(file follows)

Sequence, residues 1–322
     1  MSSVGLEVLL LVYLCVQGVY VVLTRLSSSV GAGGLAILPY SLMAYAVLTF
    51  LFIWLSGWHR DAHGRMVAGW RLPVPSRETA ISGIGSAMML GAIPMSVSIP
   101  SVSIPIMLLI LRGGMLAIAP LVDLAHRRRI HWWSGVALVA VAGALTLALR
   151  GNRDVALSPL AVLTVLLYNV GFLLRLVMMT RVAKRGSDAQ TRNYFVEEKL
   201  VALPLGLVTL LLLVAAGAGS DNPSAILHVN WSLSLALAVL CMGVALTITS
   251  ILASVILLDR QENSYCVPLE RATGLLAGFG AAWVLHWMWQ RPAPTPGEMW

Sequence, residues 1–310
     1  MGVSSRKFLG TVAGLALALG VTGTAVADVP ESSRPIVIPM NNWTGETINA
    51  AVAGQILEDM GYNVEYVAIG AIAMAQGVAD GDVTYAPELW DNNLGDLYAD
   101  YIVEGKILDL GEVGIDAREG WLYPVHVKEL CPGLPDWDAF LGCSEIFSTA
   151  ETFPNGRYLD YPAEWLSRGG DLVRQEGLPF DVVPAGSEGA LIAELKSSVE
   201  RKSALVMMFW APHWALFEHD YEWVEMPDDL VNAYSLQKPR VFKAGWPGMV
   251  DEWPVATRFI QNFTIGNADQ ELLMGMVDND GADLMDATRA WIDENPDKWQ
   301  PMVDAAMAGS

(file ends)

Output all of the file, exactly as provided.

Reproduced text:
Sequence, residues 1–322
     1  MSSVGLEVLL LVYLCVQGVY VVLTRLSSSV GAGGLAILPY SLMAYAVLTF
    51  LFIWLSGWHR DAHGRMVAGW RLPVPSRETA ISGIGSAMML GAIPMSVSIP
   101  SVSIPIMLLI LRGGMLAIAP LVDLAHRRRI HWWSGVALVA VAGALTLALR
   151  GNRDVALSPL AVLTVLLYNV GFLLRLVMMT RVAKRGSDAQ TRNYFVEEKL
   201  VALPLGLVTL LLLVAAGAGS DNPSAILHVN WSLSLALAVL CMGVALTITS
   251  ILASVILLDR QENSYCVPLE RATGLLAGFG AAWVLHWMWQ RPAPTPGEMW

Sequence, residues 1–310
     1  MGVSSRKFLG TVAGLALALG VTGTAVADVP ESSRPIVIPM NNWTGETINA
    51  AVAGQILEDM GYNVEYVAIG AIAMAQGVAD GDVTYAPELW DNNLGDLYAD
   101  YIVEGKILDL GEVGIDAREG WLYPVHVKEL CPGLPDWDAF LGCSEIFSTA
   151  ETFPNGRYLD YPAEWLSRGG DLVRQEGLPF DVVPAGSEGA LIAELKSSVE
   201  RKSALVMMFW APHWALFEHD YEWVEMPDDL VNAYSLQKPR VFKAGWPGMV
   251  DEWPVATRFI QNFTIGNADQ ELLMGMVDND GADLMDATRA WIDENPDKWQ
   301  PMVDAAMAGS